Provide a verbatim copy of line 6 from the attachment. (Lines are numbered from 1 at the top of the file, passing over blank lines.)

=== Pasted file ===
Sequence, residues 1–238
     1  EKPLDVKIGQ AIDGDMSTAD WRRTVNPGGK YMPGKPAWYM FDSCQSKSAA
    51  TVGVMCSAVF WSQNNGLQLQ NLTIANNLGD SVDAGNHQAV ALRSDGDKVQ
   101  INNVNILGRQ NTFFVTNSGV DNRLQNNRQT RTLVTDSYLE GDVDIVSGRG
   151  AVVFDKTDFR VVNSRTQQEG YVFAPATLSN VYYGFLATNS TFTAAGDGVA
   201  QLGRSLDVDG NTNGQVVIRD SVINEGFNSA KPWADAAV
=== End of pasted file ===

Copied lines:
   201  QLGRSLDVDG NTNGQVVIRD SVINEGFNSA KPWADAAV